By Erika Z. Byrd
Plaque. That substance that narrows arteries and can lead to heart attack and stroke can also build up in peripheral arteries and cause poor circulation in your legs. If the blockage becomes severe, it can create all sorts of problems including infections, pain with walking, numbness in the legs, and even loss of a limb.
One in 20 Americans over the age of 50 has peripheral arterial disease, also known as P.A.D. While some people have symptoms of cramping or difficulty walking, many have no symptoms at all until it's too late. Besides age, other risk factors for P.A.D. include smoking or a history of smoking, diabetes, high blood pressure and high cholesterol, a family history of vascular, heart disease or stroke, and African-American ethnicity.
In January, JFK Memorial Hospital opened a new interventional angiography suite with the latest technology to perform interventional vascular and endovascular procedures. Celebrating its 50th anniversary in 2016, the hospital is continuing to elevate its level of care. Two board-certified, fellowship-trained vascular surgeons — Dr. Pushpinder Sivia and Dr. Son Ha Yu — are developing the endovascular program, which includes the latest techniques to treat P.A.D. The new suite also will also be used by staff interventional radiologists for additional procedures.
"We are really glad to provide minimally invasive vascular services in Indio," says Dr. Yu. "The goal is to save limbs. It will be a huge boost to the East Valley population. We will be able to help a lot of people."
In addition to the new suite, the hospital also purchased a new device, that allows the vascular surgeons to treat P.A.D. with atherectomy, which removes plaque from the arterial wall to restore the blood flow, instead of pushing it against the arterial wall as angioplasty does.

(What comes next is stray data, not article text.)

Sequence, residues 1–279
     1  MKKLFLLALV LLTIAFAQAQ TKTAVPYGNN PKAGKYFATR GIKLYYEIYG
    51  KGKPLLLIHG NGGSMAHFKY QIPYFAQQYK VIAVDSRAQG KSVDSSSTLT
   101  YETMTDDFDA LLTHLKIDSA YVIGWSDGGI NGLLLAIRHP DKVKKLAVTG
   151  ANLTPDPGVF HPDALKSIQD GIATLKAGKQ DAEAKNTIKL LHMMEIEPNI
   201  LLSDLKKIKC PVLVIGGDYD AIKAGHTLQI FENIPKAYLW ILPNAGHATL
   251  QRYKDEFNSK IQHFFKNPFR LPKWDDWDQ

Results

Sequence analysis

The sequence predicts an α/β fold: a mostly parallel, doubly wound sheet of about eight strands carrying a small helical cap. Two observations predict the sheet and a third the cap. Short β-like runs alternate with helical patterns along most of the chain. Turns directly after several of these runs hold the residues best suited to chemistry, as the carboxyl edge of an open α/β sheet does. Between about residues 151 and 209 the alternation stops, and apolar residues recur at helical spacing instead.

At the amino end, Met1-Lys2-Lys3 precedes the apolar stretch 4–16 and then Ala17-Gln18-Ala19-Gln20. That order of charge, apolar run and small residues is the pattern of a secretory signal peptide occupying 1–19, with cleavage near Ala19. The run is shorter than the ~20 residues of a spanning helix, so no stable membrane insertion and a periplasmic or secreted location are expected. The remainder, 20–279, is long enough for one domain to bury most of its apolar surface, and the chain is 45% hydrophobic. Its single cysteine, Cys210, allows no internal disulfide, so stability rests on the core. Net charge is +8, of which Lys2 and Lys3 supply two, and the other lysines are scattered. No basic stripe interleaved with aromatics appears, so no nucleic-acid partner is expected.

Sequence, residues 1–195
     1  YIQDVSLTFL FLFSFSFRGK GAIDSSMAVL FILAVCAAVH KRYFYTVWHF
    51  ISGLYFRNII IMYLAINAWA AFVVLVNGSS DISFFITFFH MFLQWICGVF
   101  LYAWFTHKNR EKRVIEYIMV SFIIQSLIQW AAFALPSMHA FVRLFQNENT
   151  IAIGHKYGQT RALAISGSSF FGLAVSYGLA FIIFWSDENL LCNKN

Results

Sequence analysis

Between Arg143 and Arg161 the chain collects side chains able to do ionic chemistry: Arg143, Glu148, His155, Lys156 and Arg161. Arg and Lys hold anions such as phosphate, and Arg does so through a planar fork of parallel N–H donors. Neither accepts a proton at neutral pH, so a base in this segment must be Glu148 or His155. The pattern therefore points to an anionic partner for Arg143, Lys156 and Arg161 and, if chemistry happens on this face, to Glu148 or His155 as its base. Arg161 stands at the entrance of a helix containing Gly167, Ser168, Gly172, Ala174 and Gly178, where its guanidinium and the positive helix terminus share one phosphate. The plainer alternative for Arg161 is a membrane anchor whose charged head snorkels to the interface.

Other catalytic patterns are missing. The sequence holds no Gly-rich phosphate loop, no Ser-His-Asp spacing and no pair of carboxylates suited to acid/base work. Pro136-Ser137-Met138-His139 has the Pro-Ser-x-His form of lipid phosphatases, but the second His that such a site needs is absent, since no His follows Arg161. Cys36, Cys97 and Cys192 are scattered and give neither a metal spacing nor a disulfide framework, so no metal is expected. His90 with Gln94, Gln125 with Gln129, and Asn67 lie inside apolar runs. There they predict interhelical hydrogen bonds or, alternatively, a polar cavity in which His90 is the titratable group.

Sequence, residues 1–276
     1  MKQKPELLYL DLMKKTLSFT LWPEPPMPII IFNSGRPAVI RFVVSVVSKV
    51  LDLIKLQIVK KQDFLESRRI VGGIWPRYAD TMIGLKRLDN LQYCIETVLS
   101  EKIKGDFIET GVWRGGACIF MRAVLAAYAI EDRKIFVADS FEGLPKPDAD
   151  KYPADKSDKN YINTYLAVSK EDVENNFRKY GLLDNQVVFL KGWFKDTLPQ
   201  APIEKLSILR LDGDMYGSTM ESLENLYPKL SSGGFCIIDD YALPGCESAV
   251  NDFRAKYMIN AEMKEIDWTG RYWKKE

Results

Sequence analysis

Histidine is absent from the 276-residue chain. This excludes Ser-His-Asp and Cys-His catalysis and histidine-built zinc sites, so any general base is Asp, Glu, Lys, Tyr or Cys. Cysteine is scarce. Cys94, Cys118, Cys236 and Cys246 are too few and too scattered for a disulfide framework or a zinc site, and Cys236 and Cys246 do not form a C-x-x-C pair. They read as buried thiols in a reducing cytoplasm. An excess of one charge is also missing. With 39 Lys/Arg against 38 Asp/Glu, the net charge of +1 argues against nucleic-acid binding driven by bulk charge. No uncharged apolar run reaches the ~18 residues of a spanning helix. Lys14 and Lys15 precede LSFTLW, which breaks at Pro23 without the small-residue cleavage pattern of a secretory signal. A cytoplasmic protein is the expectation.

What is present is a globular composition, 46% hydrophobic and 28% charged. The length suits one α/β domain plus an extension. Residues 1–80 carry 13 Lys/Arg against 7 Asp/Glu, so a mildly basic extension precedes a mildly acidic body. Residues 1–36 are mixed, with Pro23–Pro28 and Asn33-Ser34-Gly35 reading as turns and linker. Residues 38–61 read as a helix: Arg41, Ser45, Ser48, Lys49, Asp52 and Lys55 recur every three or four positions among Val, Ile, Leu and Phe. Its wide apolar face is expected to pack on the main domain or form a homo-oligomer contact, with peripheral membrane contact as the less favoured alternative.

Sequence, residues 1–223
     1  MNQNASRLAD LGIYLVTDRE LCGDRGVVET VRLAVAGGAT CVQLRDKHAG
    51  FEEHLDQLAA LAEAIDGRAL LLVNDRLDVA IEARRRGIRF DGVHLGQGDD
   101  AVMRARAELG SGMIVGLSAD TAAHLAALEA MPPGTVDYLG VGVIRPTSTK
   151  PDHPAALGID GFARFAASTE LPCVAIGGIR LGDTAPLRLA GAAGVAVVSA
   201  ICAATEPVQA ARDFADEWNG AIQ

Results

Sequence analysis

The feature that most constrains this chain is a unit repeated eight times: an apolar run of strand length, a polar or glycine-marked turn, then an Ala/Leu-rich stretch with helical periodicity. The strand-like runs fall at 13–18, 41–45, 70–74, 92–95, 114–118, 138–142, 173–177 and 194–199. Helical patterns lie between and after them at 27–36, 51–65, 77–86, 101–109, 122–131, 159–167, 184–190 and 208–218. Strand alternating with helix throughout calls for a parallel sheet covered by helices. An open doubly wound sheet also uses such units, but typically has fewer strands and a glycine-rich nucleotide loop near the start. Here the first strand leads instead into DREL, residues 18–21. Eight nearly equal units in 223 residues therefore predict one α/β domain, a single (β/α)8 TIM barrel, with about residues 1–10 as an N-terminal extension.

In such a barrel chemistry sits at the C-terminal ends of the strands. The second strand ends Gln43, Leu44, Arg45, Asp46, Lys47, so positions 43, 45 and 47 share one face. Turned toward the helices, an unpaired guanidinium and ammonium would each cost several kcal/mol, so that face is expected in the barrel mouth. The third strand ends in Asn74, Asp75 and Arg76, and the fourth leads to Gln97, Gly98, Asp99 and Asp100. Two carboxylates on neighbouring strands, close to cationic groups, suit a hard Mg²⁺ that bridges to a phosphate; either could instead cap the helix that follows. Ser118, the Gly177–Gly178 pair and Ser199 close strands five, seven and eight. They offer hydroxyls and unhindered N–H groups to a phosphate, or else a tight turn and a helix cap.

Dr. Sivia, who has been performing this procedure for more than six years, explained that it is done on a catheter platform. "It's a new device that is inserted over a guide wire into the artery vessel itself. It contains a miniaturized rotating blade that can shave off the plaque and capture it in an attached collection unit, which is part of the device."
Atherectomy is done as an outpatient procedure. The patient receives a localized injection of lidocaine and an injection of contrast dye that helps the surgeon locate the blockage and treat it under fluoroscopy X-ray guidance.
"We use a closure device and after two to four hours of lying flat, the patient is discharged and allowed to resume their regular activities," says Dr. Sivia.
Other procedures Dr. Sivia and Dr. Yu perform include treatment of P.A.D. via angioplasty and stent placement — depending on the patient, varicose vein ablation, wound care, carotid endarterectomy — removal of plaque in the carotid artery to prevent stroke, and fistula surgery so that a dialysis patient can receive dialysis in their arm instead of the neck.
Diagnostic screening is available for those with P.A.D. risk factors. To schedule a screening appointment or for more information about the new endovascular program, call 800-343-4535.
JFK Memorial Hospital
47111 Monroe St., Indio, CA 92201
760-347-6191 • www.jfkmemorialhosp.com